/ Moments Question Physics/Maths/engineering?
There is uniform rod of weight W, leaning at an angle a from the vertical. It is fixed at the top and at the bottom.
Resolving W perpendicularly (p) and parallel (||) to the rod,
Wp = Wsin(a), W|| = Wcos(a)
Take moments about the bottom, then I get a force at the top acting perpendicularly to the rod of W/2 . sin(a).
Similary taking moments about the top, I get a force acting perpendicularly at the bottom, of W/2 . sin(a).
The || components at top and bottom at W/2 . cos(a).
Resolving vertically at the top & bottom, I get
Ftopv = W/2 . sin(a). sin(a) + W/2 . cos(a) .cos (a) = W/2
And the same for the bottom, which both add up neatly to W, as expected.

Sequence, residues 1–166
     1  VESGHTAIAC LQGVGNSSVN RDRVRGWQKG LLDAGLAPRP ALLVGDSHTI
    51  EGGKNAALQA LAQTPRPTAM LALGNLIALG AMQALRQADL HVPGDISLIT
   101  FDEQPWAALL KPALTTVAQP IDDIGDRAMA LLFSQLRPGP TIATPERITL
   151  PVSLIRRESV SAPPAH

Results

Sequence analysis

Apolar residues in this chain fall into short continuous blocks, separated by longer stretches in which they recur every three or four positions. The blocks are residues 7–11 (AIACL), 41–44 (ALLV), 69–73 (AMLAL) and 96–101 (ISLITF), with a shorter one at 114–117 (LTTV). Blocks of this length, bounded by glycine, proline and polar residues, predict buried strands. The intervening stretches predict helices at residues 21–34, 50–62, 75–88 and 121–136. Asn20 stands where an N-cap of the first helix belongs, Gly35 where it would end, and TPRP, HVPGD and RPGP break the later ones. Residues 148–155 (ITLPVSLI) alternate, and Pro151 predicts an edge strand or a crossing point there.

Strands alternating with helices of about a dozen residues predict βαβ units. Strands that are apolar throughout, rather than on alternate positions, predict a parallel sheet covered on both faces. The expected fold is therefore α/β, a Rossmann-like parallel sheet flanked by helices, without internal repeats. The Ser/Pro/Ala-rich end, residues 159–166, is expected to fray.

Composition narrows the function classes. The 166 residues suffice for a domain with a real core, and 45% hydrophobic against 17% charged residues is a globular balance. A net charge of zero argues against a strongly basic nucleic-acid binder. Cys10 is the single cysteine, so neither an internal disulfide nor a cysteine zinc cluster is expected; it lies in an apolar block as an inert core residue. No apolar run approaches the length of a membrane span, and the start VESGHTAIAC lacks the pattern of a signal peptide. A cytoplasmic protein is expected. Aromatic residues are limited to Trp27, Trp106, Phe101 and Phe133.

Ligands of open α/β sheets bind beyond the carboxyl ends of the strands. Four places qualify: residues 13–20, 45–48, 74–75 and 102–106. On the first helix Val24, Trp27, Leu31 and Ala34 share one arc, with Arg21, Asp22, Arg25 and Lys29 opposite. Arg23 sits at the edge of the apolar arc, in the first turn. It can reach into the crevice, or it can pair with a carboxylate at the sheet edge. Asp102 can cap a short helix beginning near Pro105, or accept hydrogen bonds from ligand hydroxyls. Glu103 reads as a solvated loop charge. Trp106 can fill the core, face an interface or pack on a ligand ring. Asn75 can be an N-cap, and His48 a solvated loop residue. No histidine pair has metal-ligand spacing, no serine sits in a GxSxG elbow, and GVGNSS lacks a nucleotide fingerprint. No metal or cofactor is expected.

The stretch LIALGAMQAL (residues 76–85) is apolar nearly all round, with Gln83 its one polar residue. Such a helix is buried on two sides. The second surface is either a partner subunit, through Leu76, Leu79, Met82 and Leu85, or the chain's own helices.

When I look at the horizontal components, I don't get a neat answer.
What should I get?
All you can say about the components parallel to the rod at the top and they total Wcos(a) (The component of the rod's weight parallel to the rod). Their combined horizontal component is then Wcos(a)sin(a), which balances the combined horizontal components of your perpendicular components at each end.
I get those terms, but the signs are the same, so I can't get them to cancel out as I think they should.
(and the same at the other end)
Surely, the horizontal force at the top is non-zero and of opposite sign to that at the bottom?
That would imply the rod was under net tension or compression... I see no reason for that to be the case.
I think I was getting confused with 'ladder leaning against rough wall' type problems. Thanks.
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